Georgia Woman Accidentally Charged Over $7,000 for Subway Sandwich Due to App Mishap


College Park, Georgia – November 21, 2023

What was meant to be a routine lunch purchase turned into a financial ordeal for Vera Conner, a resident of College Park, Georgia, after she was unexpectedly charged a staggering $7,112.98 for her favorite Italian Sub at the local Subway.

On October 23, Conner ordered her usual No. 4 Italian Sub, anticipating the typical cost of $7.54. However, to her disbelief, her receipt showed an additional charge of $7,105.44 labeled as a tip. “When I looked at my receipt, I was like, oh my God!” Conner exclaimed in an interview with NBC News. “I thought this number looked familiar — it was the last six numbers of my phone number. Who would leave a tip like that?”

Conner explained that the mishap occurred when inputting her phone number for Subway loyalty points, with the system mistakenly converting it into an astronomical tip. Unfortunately, she only noticed the error a month later when reviewing her receipts, initiating a challenging process to rectify the situation with her Bank of America credit card.

Expecting a quick resolution, Conner was surprised when the bank denied her charge dispute without specifying the reason. Concerned about the substantial amount, she took matters into her own hands, reaching out to Subway, and her bank, and even visiting the local store in person. The Subway manager advised her that the bank needed to process the chargeback.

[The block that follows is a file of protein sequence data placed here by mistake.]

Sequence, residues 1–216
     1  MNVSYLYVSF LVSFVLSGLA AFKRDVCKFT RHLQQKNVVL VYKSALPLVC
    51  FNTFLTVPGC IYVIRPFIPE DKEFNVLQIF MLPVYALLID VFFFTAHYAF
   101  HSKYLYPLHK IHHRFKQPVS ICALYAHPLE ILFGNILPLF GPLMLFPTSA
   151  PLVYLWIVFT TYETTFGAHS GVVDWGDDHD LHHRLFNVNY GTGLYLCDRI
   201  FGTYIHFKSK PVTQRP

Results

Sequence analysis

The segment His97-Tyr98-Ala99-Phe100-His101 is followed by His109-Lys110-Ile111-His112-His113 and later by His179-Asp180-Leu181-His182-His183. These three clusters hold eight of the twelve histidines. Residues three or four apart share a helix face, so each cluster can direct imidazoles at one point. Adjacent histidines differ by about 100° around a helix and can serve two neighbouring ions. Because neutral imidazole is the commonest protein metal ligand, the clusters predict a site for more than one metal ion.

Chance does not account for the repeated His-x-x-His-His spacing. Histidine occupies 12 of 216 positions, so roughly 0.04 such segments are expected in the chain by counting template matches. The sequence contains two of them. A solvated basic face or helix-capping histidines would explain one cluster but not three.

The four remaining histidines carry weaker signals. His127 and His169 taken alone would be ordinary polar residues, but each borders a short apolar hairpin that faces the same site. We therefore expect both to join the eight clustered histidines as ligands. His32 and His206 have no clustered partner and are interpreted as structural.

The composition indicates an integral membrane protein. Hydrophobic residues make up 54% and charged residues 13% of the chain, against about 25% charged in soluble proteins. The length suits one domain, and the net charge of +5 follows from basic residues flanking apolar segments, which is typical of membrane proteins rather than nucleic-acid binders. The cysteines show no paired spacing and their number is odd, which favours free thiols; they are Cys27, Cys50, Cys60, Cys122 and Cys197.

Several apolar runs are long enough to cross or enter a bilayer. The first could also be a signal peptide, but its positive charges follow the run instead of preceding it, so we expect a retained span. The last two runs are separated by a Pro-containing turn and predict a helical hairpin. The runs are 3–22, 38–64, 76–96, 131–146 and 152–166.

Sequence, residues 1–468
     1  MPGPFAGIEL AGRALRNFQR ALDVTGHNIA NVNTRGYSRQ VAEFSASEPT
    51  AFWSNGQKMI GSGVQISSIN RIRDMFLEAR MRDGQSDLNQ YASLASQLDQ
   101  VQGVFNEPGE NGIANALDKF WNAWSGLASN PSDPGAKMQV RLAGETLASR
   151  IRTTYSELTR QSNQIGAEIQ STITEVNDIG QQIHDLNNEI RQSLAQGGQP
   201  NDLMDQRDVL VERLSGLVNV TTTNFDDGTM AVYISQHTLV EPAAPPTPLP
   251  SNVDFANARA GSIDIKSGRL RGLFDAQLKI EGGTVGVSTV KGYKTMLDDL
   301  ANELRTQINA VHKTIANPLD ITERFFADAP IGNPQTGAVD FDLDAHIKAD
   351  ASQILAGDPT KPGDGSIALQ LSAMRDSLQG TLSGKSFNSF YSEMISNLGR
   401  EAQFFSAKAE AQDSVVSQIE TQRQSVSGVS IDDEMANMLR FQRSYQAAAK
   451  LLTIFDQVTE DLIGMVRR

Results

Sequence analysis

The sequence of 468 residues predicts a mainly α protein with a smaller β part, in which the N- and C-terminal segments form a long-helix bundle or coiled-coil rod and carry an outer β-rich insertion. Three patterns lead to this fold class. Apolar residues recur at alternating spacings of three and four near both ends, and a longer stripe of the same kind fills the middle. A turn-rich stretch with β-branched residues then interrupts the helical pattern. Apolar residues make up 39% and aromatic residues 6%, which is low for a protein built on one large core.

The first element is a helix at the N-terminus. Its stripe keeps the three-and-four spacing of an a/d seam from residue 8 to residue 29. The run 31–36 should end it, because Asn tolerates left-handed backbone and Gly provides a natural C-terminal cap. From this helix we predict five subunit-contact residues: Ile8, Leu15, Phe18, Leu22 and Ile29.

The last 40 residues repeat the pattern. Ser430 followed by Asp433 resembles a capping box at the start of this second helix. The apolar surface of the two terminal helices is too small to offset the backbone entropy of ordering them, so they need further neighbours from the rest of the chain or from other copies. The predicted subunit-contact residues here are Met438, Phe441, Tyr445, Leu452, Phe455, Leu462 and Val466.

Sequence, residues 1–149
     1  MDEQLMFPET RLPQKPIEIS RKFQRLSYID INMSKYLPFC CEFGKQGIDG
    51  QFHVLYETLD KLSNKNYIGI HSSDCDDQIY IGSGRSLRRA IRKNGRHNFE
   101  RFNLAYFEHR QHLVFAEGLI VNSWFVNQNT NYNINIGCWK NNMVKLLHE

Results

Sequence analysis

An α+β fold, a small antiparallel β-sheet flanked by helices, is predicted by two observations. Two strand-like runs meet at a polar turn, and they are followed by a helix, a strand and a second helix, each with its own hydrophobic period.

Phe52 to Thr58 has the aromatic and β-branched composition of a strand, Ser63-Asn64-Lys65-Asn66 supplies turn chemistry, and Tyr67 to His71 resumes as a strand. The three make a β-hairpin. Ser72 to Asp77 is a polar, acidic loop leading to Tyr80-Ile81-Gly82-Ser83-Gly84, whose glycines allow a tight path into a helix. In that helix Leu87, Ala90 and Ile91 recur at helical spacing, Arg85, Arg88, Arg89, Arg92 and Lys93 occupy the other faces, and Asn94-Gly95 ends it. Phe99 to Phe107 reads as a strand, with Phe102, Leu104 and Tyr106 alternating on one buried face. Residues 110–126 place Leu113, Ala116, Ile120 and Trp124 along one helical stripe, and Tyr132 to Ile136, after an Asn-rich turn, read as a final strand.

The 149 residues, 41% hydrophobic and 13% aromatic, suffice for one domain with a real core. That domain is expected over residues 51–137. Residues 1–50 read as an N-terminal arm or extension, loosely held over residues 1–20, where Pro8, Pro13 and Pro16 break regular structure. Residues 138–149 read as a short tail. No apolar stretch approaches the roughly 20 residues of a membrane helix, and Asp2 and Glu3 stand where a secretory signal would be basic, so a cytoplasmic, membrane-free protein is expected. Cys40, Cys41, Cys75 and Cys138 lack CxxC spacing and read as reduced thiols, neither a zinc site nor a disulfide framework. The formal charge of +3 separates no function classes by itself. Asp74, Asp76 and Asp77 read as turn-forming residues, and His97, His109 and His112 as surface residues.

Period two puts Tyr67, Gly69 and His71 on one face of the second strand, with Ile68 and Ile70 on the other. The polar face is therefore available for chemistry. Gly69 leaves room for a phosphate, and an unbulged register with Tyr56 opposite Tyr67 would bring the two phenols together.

However, Bank of America insisted that Conner still owed $7.54 for the sandwich, leading to a second submission of the claim, this time solely disputing the exorbitant tip. After a month-long struggle, Conner finally received a “temporary credit” for the erroneous charge on Monday.

Reflecting on the incident, Conner expressed relief that the situation is resolved but voiced frustration over the bank’s handling of the matter. “You hear all the time that you should use your credit card instead of your debit card so that these things don’t happen,” she said. “I’m even getting mad at the bank because I’m like, how did they not think $7,000 was suspicious at Subway?”

Conner concluded that, despite the resolution, she’s now wary of reward apps, deeming them not worth the trouble. The bizarre incident serves as a cautionary tale about the unexpected pitfalls that can arise from simple transactions in the digital age.

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